Kunisada: General Zhao Yun, One of the Five Tiger Generals (Goko shôgun no uchi: Chôun) (Sold)

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Artist: Utagawa Kunisada
Title: General Zhao Yun, One of the Five Tiger Generals (Goko shôgun no uchi: Chôun)
Series: From Five Brightly Colored Banners (Goku saishiki gohon nobori no uchi)
Date: Tempo era (ca. 1835-37)

The Five Tiger Generals were heroes in the Chinese historical novel, Romance of the Three Kingdoms (called Sangokushi engi in Japanese) which was written by Luo Guan Zhong in the fourteenth century, based on Record of Three Kingdoms (called Sangokushi in Japanese) wrriten by Chen Shou in the third century. Romance of the Three Kingdoms covers the turbulent years from the end of Han Dynasty, starting AD169 and ending with the reunification of Three Kingdoms, Kingdom of Wei, Shu, and Wu in 280, when the Jing Dynasty became the defacto ruling dynasty in China. The Five Tiger Generals were generals of Kingdom of Shu: Guan Yu (? - 219), Zhang Fei (166-221), Zhao Yun (?-229), Ma Chao (176-222) and Huang Zhang (?-220). For most of his career, Zhao Yun served the war lord Liu Bei, playing a part in the establishment of Shu Han. This print shows him with Liu Bei’s infant son Liu Shan in his arm. His horse seems to be plunging downward into a smoky unknown, but he shows fierce determination and directs the point of his sword towards the unseen danger. In 208 Zhao Yun distinguished himself at the Battle of Changban. Liu Bei was fleeing in the chaos, he left his family behind. Then Zhao Yun disappeared to the north. It raised suspicion that he had surrendered to Cao Cao, the war lord of Kingdom Wei. However Liu Bei believed in Zhao Yun’s loyalty. Zhao Yun came back with Liu Bei’s son, Liu Shan and wife, Lady Gan. With this Zhao Yun was promoted to General of the Standard. The set of five images was designed to match Kunisadas series of Japanese warriors, Banners for Parlor Decorations (Gohi zashiki nobori) .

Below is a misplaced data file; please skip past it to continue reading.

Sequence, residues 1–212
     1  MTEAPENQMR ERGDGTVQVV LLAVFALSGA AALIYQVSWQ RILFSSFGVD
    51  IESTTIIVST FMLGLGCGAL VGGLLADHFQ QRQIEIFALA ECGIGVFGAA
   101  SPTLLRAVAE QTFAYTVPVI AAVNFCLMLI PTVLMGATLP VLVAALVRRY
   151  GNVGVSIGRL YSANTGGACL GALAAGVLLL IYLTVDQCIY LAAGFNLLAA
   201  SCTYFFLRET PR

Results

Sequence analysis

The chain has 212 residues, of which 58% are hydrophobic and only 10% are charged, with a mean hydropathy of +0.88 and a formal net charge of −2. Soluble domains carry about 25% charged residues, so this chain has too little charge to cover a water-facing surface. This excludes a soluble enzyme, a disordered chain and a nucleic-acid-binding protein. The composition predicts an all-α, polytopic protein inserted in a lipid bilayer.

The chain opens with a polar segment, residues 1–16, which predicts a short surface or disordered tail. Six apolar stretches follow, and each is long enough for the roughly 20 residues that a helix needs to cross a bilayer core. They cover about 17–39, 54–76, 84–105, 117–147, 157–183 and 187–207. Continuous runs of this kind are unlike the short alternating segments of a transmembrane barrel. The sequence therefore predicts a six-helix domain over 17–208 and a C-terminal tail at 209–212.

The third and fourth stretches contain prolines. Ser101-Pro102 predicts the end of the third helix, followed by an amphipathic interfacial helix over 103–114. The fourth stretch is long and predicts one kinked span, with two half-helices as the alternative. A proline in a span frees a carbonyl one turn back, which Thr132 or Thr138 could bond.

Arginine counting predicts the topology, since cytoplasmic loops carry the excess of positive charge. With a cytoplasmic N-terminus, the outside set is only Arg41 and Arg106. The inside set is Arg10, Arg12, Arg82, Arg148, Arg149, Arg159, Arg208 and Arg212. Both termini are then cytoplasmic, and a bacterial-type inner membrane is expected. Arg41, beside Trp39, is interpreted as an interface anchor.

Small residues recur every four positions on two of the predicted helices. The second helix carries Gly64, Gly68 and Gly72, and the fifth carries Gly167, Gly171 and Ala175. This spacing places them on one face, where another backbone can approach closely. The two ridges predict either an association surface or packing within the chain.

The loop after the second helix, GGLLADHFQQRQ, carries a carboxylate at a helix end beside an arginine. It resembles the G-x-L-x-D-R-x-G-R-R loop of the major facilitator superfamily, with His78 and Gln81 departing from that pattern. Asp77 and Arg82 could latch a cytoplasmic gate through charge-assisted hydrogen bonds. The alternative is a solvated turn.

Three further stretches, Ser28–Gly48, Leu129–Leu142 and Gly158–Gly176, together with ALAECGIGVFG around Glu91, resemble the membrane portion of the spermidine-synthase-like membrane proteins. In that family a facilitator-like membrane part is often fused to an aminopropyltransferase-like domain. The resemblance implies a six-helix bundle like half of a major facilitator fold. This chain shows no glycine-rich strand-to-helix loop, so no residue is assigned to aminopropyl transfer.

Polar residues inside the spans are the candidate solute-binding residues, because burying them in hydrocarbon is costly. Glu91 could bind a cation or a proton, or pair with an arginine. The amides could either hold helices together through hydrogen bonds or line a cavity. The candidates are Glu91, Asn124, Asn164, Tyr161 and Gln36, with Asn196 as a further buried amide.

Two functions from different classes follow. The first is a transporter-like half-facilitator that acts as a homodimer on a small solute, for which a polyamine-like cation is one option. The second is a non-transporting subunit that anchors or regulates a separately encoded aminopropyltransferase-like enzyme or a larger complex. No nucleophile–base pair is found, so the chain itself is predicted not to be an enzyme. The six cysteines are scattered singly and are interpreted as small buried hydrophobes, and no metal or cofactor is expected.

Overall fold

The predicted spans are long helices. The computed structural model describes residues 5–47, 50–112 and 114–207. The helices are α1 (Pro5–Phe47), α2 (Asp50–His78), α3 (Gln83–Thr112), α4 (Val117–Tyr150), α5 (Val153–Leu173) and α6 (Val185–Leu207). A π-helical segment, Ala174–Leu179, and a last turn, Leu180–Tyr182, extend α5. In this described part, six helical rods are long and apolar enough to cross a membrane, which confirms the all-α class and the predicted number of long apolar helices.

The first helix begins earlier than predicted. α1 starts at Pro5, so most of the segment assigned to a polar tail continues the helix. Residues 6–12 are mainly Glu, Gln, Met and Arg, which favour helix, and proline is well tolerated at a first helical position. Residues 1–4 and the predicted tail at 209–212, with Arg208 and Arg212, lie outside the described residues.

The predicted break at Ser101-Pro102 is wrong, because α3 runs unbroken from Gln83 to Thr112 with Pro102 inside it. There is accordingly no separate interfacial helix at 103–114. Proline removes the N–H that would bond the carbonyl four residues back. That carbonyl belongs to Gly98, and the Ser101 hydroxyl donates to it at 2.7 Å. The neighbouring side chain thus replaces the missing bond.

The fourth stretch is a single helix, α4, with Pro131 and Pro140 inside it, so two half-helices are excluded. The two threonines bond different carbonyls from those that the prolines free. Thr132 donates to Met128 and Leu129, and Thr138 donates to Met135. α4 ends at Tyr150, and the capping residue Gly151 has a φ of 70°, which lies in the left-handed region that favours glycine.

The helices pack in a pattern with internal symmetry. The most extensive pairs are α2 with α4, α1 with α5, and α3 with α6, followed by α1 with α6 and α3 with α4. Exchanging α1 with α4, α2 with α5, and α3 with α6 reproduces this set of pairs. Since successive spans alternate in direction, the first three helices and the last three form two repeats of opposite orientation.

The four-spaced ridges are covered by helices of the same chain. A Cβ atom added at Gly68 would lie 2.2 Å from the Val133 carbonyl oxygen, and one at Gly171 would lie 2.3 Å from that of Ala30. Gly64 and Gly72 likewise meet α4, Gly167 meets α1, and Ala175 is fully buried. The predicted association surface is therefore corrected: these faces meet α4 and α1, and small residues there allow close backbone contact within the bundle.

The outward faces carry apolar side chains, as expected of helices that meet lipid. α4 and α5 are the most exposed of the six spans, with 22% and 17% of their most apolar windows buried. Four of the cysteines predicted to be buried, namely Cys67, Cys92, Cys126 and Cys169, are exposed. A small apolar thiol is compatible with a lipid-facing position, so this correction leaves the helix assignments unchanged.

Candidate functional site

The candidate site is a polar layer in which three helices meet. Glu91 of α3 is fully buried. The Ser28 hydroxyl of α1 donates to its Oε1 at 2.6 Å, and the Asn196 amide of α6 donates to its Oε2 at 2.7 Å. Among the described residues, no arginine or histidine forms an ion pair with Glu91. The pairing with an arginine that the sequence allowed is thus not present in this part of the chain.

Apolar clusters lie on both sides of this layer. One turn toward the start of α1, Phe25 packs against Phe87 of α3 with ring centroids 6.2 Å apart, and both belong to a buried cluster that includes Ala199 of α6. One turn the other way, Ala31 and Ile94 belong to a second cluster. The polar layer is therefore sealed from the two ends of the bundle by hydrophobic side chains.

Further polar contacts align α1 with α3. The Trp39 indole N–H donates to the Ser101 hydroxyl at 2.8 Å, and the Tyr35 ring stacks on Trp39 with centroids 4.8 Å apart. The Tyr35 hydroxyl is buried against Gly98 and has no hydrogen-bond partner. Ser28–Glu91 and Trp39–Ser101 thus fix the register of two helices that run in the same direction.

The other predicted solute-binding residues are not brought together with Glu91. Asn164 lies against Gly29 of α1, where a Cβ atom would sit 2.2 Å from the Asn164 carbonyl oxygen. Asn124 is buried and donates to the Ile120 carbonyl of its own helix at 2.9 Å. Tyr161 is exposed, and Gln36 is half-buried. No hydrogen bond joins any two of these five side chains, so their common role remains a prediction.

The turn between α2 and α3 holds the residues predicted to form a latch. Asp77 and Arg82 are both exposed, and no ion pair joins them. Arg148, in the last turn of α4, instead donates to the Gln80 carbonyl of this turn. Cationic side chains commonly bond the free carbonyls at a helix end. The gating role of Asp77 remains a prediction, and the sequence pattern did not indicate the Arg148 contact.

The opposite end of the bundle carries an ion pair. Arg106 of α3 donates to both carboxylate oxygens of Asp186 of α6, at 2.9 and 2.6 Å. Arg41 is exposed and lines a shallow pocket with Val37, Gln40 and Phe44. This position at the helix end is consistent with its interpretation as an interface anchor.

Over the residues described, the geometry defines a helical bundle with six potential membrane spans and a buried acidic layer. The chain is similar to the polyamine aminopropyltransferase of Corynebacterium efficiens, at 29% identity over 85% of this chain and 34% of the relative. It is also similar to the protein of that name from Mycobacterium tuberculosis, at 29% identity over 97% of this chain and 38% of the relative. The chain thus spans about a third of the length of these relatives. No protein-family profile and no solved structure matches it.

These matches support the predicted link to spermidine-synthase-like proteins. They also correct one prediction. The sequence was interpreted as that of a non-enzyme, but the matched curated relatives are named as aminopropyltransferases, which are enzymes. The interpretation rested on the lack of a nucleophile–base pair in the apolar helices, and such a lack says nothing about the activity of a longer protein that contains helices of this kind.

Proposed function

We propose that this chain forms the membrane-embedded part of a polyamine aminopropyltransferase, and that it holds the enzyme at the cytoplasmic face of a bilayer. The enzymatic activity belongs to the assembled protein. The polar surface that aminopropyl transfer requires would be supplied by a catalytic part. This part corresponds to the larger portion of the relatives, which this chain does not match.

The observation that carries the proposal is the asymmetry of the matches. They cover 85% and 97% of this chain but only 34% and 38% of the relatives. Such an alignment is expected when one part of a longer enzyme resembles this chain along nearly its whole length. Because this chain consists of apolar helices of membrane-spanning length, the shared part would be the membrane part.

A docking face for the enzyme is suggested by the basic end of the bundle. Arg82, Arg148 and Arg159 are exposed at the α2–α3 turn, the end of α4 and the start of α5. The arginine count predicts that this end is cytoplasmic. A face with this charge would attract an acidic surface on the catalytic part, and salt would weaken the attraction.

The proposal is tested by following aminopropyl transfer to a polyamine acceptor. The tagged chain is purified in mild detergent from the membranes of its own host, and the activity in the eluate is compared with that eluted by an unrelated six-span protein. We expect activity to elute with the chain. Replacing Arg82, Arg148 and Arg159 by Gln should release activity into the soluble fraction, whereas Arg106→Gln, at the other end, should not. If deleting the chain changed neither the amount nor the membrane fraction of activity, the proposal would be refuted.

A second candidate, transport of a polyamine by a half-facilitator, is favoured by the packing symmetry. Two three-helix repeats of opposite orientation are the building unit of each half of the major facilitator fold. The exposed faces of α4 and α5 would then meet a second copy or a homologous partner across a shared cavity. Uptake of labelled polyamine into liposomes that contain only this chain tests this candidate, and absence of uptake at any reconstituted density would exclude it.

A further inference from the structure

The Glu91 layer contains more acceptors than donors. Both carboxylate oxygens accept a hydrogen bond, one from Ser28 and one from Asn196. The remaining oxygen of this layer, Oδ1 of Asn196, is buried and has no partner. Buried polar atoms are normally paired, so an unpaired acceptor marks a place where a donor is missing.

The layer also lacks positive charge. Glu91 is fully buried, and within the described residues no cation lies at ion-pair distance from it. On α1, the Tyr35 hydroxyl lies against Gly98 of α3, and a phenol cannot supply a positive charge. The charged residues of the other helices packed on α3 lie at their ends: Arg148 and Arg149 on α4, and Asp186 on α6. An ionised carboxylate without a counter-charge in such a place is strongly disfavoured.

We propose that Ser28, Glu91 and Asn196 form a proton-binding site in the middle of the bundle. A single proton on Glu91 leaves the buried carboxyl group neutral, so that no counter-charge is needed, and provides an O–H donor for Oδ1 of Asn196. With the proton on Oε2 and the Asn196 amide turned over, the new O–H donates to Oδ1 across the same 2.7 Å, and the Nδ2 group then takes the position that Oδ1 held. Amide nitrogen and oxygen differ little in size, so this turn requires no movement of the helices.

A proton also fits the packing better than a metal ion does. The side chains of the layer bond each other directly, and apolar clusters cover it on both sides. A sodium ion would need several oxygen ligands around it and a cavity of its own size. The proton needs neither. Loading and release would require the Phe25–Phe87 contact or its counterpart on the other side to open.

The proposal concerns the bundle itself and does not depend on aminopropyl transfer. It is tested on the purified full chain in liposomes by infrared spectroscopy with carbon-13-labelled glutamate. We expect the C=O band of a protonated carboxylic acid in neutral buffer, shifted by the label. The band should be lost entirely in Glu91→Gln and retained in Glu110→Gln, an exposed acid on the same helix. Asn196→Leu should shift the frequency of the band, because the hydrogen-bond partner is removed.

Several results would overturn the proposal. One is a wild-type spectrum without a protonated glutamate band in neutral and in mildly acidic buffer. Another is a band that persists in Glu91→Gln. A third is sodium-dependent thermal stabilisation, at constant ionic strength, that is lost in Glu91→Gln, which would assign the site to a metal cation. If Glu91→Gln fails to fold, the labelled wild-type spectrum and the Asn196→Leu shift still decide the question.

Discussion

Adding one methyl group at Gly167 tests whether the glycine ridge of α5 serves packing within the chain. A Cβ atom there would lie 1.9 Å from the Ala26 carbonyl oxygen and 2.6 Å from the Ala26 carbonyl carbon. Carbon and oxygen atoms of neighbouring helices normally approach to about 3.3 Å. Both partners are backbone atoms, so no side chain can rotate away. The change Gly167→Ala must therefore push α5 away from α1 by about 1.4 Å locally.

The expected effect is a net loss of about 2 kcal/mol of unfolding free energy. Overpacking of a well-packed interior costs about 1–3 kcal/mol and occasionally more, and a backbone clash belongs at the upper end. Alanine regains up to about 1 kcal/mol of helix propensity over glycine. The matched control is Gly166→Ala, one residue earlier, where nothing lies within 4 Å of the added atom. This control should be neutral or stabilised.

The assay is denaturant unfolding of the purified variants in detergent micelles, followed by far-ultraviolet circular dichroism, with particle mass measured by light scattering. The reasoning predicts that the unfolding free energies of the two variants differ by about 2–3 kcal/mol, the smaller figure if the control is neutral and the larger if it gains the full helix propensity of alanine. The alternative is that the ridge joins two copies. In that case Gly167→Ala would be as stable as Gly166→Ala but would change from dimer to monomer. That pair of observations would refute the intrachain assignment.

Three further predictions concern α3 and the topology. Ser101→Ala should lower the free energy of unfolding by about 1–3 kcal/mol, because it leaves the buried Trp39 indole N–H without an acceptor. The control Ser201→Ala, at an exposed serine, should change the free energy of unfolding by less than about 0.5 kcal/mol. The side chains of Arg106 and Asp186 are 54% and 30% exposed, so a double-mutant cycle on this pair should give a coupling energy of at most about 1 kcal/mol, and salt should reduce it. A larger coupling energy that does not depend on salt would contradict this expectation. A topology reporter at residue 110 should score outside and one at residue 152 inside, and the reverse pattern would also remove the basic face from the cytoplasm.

Dimensions: vertical nagaban
Publisher: Kinridô (Moriya Jihei)
Literature: Ref.:“Kunisada’s World” Japan Society, Inc. New York, 1993. p.165
Seal: his seal: Hanabusa Ittai; Censor’s seal kiwame
Signature: Kôchôrô Kunisada ga